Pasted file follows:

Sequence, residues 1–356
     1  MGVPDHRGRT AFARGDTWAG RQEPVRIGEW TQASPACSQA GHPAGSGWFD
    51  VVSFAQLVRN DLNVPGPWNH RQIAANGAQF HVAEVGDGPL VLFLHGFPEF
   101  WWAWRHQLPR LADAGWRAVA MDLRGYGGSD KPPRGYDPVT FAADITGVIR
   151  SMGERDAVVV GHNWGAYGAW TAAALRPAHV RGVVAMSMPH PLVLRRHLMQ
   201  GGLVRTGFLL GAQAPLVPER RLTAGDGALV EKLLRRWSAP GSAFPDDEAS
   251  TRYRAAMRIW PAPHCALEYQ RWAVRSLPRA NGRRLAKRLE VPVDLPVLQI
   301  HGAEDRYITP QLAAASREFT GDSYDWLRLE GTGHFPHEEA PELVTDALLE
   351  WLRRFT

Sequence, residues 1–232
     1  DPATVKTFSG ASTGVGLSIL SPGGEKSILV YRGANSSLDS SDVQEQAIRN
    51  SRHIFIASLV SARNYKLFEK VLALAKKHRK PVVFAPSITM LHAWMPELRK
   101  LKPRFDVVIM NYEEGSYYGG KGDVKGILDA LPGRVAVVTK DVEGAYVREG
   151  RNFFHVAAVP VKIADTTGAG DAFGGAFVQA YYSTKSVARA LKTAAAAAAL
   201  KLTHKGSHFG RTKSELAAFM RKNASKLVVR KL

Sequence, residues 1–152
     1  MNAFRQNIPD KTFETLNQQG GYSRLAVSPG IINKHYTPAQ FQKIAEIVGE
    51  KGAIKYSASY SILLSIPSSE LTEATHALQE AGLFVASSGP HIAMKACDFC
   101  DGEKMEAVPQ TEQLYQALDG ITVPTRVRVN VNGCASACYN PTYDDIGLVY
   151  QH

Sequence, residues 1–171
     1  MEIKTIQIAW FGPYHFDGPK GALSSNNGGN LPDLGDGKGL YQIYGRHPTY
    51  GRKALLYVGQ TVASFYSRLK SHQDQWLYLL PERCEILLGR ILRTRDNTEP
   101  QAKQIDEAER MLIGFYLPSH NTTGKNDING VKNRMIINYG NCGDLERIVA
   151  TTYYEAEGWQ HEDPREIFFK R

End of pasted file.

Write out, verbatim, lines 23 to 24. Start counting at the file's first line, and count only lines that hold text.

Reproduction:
    51  GRKALLYVGQ TVASFYSRLK SHQDQWLYLL PERCEILLGR ILRTRDNTEP
   101  QAKQIDEAER MLIGFYLPSH NTTGKNDING VKNRMIINYG NCGDLERIVA